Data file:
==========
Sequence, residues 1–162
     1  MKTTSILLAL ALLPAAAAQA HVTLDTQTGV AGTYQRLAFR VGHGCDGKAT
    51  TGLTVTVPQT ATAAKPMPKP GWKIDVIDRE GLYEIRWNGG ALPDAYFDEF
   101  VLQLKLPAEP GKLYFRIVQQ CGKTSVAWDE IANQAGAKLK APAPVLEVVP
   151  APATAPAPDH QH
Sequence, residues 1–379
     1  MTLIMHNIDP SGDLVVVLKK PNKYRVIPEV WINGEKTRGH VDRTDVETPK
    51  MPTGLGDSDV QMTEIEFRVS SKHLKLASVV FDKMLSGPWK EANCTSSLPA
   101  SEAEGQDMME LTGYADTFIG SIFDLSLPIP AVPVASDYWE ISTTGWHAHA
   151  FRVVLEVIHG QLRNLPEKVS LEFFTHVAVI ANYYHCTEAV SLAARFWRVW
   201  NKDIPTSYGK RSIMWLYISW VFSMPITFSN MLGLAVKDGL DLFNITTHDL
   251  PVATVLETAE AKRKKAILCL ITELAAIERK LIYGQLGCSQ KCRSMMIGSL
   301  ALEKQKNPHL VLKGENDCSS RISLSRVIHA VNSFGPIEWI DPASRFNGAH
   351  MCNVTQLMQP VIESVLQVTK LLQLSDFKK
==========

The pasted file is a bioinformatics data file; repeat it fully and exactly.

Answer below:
Sequence, residues 1–162
     1  MKTTSILLAL ALLPAAAAQA HVTLDTQTGV AGTYQRLAFR VGHGCDGKAT
    51  TGLTVTVPQT ATAAKPMPKP GWKIDVIDRE GLYEIRWNGG ALPDAYFDEF
   101  VLQLKLPAEP GKLYFRIVQQ CGKTSVAWDE IANQAGAKLK APAPVLEVVP
   151  APATAPAPDH QH
Sequence, residues 1–379
     1  MTLIMHNIDP SGDLVVVLKK PNKYRVIPEV WINGEKTRGH VDRTDVETPK
    51  MPTGLGDSDV QMTEIEFRVS SKHLKLASVV FDKMLSGPWK EANCTSSLPA
   101  SEAEGQDMME LTGYADTFIG SIFDLSLPIP AVPVASDYWE ISTTGWHAHA
   151  FRVVLEVIHG QLRNLPEKVS LEFFTHVAVI ANYYHCTEAV SLAARFWRVW
   201  NKDIPTSYGK RSIMWLYISW VFSMPITFSN MLGLAVKDGL DLFNITTHDL
   251  PVATVLETAE AKRKKAILCL ITELAAIERK LIYGQLGCSQ KCRSMMIGSL
   301  ALEKQKNPHL VLKGENDCSS RISLSRVIHA VNSFGPIEWI DPASRFNGAH
   351  MCNVTQLMQP VIESVLQVTK LLQLSDFKK